1. Johnson N, Xu C, Zhao Z, et al. Human group formation in online guilds and offline gangs driven by a common team dynamic. Physical Review E. 2009;79(6):1-11. Available at: http://link.aps.org/doi/10.1103/PhysRevE.79.066117.
This paper looks at building a simple model of how people decide to join or move between guilds or gangs, using membership data from World of Warcraft guilds and LA street gangs.
They attempt two types of model: where people choose to join groups where all members have the same attributes as them ('kinship') and where people choose to join groups where they complement the existing membership ('team formation'). The model that fitted the data most closely was the team formation model. I think that's extremely interesting, as I'm suggesting that guilds do form from players with similar playing styles, so perhaps this is a different angle. (By playing style I think I'm meaning subtle differences in emphasis, i.e. more emphasis on exploration vs raiding vs PvP etc.)
In addition to looking at both sets of data as a whole, they then divide the groups by 'ethnicity'. This is obvious in terms of the gangs, but for the WoW data they split it by server. This turns out to be a good fit because as it is not possible to change your ethnicity in real life, it is also difficult/expensive to move your character between servers in WoW. They find that although the model fits all the variations of ethnicity they need to tweak some of the constants slightly, suggesting that there are very subtle differences in behaviour not only between different gang ethnicities in LA (which might be expected - different backgrounds and cultural values) but also in between servers in WoW (same game, so what causes that?!).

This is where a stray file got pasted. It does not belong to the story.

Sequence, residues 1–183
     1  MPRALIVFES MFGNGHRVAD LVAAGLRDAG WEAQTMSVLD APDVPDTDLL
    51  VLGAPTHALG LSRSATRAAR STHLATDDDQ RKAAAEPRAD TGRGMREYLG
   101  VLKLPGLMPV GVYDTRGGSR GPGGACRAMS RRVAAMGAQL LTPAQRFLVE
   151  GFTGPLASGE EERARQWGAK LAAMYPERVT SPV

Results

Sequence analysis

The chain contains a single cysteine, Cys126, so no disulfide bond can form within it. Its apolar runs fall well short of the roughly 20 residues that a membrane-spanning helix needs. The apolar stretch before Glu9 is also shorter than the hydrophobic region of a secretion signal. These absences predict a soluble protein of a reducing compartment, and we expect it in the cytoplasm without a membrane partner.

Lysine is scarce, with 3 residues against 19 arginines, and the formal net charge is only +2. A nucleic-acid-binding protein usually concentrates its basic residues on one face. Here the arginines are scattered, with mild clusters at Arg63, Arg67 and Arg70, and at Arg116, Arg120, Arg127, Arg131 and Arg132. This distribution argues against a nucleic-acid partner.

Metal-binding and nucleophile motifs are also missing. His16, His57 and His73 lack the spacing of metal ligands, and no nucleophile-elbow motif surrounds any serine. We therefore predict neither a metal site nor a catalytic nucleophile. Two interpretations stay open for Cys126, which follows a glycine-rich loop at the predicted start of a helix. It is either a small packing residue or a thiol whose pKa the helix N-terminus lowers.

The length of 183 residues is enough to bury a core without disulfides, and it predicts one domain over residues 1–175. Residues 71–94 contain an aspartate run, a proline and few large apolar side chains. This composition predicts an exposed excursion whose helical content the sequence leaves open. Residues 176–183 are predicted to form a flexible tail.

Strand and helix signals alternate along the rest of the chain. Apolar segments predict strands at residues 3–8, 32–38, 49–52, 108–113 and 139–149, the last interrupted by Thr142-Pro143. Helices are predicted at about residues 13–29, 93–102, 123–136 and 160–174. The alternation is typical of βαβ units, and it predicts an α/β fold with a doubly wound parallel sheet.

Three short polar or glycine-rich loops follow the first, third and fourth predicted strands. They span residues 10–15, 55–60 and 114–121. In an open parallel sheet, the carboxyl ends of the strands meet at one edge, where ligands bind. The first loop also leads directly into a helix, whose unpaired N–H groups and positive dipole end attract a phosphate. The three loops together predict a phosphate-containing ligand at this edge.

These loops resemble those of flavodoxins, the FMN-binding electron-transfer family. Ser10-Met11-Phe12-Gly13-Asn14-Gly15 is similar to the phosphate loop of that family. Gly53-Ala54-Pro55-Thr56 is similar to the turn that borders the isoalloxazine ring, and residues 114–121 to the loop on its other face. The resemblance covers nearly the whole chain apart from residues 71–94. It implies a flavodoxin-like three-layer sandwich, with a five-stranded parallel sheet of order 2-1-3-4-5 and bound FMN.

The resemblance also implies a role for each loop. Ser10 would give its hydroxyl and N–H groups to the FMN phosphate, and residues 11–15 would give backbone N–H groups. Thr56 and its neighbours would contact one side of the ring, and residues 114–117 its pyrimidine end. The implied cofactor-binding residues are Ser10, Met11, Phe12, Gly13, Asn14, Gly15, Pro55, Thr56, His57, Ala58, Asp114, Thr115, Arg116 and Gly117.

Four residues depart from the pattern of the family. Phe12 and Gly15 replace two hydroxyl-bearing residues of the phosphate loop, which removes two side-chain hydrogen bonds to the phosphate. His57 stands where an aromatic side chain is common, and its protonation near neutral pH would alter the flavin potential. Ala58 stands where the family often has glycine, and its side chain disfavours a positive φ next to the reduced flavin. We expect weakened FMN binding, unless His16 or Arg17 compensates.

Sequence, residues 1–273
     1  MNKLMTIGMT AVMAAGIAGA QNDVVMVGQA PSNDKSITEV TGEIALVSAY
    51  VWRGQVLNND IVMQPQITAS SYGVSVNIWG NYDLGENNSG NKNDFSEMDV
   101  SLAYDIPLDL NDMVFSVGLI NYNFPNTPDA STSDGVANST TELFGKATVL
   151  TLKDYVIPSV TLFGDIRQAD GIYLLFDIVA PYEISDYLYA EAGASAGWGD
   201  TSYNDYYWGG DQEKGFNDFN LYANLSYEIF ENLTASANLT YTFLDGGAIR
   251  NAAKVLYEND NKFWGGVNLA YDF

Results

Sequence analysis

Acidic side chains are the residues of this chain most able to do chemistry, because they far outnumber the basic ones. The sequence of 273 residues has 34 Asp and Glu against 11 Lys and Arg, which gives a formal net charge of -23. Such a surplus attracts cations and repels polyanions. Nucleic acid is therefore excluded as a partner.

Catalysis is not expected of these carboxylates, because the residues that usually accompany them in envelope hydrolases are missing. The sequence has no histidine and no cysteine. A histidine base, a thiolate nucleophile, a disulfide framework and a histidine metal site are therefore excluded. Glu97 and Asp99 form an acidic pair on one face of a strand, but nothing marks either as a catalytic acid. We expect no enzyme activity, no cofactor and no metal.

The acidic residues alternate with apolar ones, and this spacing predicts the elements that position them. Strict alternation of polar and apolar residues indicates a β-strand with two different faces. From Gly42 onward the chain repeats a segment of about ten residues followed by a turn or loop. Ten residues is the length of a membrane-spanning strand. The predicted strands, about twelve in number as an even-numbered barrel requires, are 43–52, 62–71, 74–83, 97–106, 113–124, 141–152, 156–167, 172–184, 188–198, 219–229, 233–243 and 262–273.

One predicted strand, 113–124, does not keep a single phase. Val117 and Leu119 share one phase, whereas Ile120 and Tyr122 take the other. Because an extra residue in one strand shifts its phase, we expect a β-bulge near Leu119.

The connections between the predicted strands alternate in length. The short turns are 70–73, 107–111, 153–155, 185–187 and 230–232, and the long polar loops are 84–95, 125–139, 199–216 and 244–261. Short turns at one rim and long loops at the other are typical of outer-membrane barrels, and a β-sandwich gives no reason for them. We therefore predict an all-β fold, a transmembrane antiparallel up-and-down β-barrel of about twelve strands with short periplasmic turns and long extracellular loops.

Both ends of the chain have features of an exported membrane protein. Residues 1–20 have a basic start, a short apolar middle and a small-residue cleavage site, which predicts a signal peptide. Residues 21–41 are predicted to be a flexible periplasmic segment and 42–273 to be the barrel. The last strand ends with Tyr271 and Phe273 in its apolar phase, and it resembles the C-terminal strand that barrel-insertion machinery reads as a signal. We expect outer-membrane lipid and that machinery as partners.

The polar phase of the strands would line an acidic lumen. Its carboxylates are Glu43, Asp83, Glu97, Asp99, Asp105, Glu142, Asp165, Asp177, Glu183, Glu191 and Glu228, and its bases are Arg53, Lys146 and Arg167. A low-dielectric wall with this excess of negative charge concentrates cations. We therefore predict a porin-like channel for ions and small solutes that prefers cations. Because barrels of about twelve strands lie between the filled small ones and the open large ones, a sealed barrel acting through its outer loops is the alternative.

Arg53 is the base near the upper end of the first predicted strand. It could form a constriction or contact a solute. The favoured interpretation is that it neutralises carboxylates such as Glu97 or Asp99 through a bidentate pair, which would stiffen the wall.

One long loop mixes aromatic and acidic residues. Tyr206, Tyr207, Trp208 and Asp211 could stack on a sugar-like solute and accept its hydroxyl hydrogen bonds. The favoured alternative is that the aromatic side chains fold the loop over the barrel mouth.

Good analogy to job finding, and actually rather tallies with my empirical experience that teams tend to take on the character of their head (who does the hiring) while looking for members that complement the group skillset. Again, a difference between the two definitions of what people look for in a team - similar values, different skills.